ibnlive » Health

Mar 18, 2013 at 05:55pm IST

Neurological disabilities hit 3.5 million Indians every year

New Delhi: To what's being called India's hidden epidemic, neurological disabilities hit 3.5 million people every year. The Kessler Foundation estimates there are 7 cases in India every minute, with people left unable to function on their own, even walk, like in spinal cord or traumatic brain injuries.

"Neurological disability is a huge disability. The person can't eat on his own; he can't wear his own clothes. There is depression, there is psychosis, there is cognition involvement, they cannot remember, think, plan, perform," AIIMS Neurologist Dr Manjari Tripathi said.

For adults, there are three main causes:

- Stroke which leads to half a million new cases every year, has doubled in the past 4 decades.

- Age-related dementia with 1.6 million new cases every year expected to triple in by 2050.

- And the biggest cause, traumatic brain injury, mainly from road accidents, adds 1.7 million cases every year. A whopping 60-70 per cent of these are due to road traffic accidents.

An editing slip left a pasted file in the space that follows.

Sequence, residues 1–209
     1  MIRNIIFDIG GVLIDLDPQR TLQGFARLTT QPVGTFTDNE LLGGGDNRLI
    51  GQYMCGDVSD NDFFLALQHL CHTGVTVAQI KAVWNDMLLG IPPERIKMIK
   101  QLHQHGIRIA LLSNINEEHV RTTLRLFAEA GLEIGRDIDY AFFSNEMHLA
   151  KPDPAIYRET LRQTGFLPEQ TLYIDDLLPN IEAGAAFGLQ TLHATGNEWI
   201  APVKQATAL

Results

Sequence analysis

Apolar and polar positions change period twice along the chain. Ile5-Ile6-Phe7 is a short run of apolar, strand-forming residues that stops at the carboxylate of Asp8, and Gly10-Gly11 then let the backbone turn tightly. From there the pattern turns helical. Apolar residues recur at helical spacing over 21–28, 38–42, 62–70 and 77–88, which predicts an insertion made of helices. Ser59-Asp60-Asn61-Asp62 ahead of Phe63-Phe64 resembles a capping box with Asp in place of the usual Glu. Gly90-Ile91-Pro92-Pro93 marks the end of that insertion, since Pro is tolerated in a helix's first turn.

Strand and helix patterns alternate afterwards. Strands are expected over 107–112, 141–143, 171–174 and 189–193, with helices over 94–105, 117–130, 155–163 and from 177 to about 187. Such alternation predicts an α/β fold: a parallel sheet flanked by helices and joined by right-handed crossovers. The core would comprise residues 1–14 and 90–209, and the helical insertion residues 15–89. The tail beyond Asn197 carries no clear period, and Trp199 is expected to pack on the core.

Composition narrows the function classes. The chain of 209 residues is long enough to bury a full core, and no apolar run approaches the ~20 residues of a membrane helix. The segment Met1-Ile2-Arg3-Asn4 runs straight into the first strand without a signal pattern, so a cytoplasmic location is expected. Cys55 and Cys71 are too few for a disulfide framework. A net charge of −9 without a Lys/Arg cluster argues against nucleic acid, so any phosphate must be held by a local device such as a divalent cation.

With patients in need of sustained physiotherapy, the emphasis also needs to be on immediate first aid.

"Close to 1 million patients will lose out because of head injuries. The biggest need of the hour is to have a strong and efficient paramedic team. It does not take a lot of time to train. We need to develop very good life support systems which can reach the patient at the sites," AIIMS Neurosurgeon Dr Sarat Chandra said.

Even more of a challenge, according to Dr Manjari Tripathi, is young children who develop neurological disabilities because of childhood infections, lack of safe delivery practices and even malnutrition.

"The childhood infections that can lead to permanent brain damage are meningitis, which is very common, encephalitis, we have outbreaks of encephalitis. During birth if there is lack of oxygen to the brain, it can cause permanent brain damage. Seizures and epilepsy which occur in this age group can cause brain damage," Dr Manjari Tripathi said.

An estimated 70 to 80 per cent of people who need treatment don't get it, even though the new disability draft law has some provisions.